AAA has been proactively involved in child pedestrian safety with programs like AAA’s School Safety Patrol. This program teaches children about traffic safety principles and allows them opportunities to share that knowledge with peers. Patrollers assist in helping other students cross streets safely and serve as student leaders within their schools. This is a school-sponsored program that is deeply invested in the safety and education of communities it serves. Learn more about the AAA School Safety Patrol program.
School’s Open – Drive Carefully5 Campaign
In 1946, AAA created the School’s Open – Drive Carefully campaign. It has successfully created driver awareness of school-aged pedestrians for nearly 70 years. Learn more about AAA’s School’s Open – Drive Carefully campaign.
Walking has the added benefit of fostering a healthy lifestyle while also transporting you to where you need to go. Walking three to four hours each week has exponential value for your continued health as the years go by. Start with several small walks a day and work toward a full 30-minute walk each day. This will not only increase your stamina and heath, but also your ability to perform other physical activities.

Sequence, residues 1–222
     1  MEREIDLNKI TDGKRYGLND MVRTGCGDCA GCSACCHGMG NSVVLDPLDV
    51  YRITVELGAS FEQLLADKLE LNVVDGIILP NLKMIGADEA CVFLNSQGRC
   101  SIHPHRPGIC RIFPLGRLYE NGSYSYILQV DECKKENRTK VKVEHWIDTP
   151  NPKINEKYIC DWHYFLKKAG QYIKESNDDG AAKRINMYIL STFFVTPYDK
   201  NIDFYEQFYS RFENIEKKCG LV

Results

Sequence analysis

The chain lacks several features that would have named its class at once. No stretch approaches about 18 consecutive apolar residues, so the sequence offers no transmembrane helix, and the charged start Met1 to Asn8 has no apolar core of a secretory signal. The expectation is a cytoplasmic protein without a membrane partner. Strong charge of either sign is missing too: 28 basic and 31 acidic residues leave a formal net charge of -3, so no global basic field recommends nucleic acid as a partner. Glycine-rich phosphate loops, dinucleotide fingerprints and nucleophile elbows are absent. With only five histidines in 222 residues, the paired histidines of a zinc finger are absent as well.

Long Term Pedestrian Health Benefits
Walking regularly can:
Lead to weight loss or help maintain a healthy weight.
Help boost your endorphins, which can result in improved mental heath.
Help to lower your blood pressure and cholesterol and strengthening your heart.
Help increase flexibility and endurance and limit decreases in bone density.
Even help you drive longer as a result of increased reflex and nervous system response.
Mature Pedestrian Safety
Though walking often is a good and healthy lifestyle choice, older adults should remember to always be cautious whenever walking in or near traffic. A few simple tips:
- Be visible.
- This is especially important in dark places or poor weather. Remember to stay in well-lit areas and to wear light or reflective clothing. Never assume drivers see you just because you see them.